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AVSpec fits header

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ErnstPollmann
AVSpec fits header

Dear colleagues,
my VV Cep spectra, which have been processed with VSpec, have some typical settings in the fits-header, which are not in agreement with the fit-convention at AVSpec. If I want to upload several hundred of these spectra, a manual correction of each VSpec fits-header would be necessary.
Is here someone, who have experience with this fit-header issues?

Ernst Pollmann

Robin Leadbeater
BeSS compatibility

Hi Ernst,

I am familar with the BeSS standard and its implementation in BeSS and the BAA database. This is worrying as AAVSO claim their fits format to be compatible with BeSS (though it is not a full implementation) and VSpec produces spectra to BeSS specification. Are your spectra accepted by BeSS and the BAA database?  If so there would seem to be an issue with the AAVSO database which should be resolved rather than modifying your headers. Can you describe exactly what the problem is ?

If all else fails you can add them to the BAA database for similar long term security

Cheers

Robin

bpablo
Hello Robin,

Hello Robin,

Thanks for your response and your concern. I have been helping Ernst with this so let me provide a little more information. The fits header itself is fine in the sense that all the keywords are there and are compatible. However, the values of the keywords themselves, at least in Ernst case, have a couple issues which our cleaning process has an issue with.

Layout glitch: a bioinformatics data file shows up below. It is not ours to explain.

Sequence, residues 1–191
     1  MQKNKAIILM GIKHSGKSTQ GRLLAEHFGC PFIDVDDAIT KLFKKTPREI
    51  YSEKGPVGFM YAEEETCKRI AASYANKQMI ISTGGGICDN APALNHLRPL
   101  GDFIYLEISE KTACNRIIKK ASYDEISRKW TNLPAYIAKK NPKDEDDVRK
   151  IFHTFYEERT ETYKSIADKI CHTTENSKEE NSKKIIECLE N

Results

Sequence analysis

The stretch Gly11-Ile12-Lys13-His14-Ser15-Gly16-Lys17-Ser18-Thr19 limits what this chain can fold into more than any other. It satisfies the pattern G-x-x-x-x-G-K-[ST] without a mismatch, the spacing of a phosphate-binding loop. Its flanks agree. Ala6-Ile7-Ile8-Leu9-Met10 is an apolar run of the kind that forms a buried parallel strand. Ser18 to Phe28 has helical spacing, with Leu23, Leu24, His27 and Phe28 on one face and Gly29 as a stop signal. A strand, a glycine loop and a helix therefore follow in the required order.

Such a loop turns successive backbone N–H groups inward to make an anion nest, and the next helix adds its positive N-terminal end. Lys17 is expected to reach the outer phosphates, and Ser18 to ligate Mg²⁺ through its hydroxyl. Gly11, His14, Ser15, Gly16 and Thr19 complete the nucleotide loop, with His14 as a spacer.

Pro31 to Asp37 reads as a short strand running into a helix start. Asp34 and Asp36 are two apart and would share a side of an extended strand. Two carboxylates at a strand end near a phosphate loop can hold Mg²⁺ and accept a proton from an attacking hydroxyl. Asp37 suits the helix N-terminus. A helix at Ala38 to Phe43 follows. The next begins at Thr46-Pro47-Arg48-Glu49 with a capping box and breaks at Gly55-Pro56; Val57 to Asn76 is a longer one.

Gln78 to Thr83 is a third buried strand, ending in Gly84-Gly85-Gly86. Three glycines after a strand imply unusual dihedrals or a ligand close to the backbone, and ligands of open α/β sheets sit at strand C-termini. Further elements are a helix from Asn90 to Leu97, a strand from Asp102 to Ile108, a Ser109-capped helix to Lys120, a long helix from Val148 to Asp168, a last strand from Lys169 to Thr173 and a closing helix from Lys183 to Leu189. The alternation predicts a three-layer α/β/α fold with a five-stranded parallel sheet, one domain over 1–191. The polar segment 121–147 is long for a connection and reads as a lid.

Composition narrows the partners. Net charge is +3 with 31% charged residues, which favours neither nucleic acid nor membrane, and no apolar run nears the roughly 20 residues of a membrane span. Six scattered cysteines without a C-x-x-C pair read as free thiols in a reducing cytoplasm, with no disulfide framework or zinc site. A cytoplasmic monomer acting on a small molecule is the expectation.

1.) Most of the fits keywords have a bunch of extra spaces in them which confuses the system. When it tries to match for instance '                       VV Cep' with 'VV Cep' it fails to find the star.

2. The CRPIX1 value is '1.' instead of '1'. This may not seem significant, but since the reference pixel must by definition be an integer the system is insisting that there is a problem as that dot makes it a float.  

I am unsure why these things are happening as I have not used the VSpec software.  While it is easy enough to correct the headers, it doesn't answer the main problem which is why VSpec is adding it's header keyword values with all of these unnecessary characters.  I was hoping someone more familiar with VSpec could help Ernst (and by extension us at the AAVSO) figure out why this is happening.

Thanks,

Bert Pablo
Staff Astronomer, AAVSO

Robin Leadbeater
leading spaces in Visual Spec header

Hi Bert,

Yes It looks like Visual Spec pads out the header entries with leading spaces so that the length of the string matches the maximum allowable in the BeSS specfication. Not sure why but I suggest asking the Author Valerie Desnoux who is also a long standing contributor to and validator for spectra submitted to BeSS so will be able to answer your questions.  You can find her contact details on her Visual Spec website here

http://astrosurf.com/vdesnoux/download.html

However I think perhaps the AAVSO database should be able to manage this situation. For example I was able to search VSX, BeSS and SIMBAD successfully even with leading spaces added to the name 

Cheers

Robin

Robin Leadbeater
A work round

In the mean time if the spectra are opened in ISIS and then resaved, ISIS will remove the leading spaces

Robin

Robin Leadbeater
BAA specdb ignores leading spaces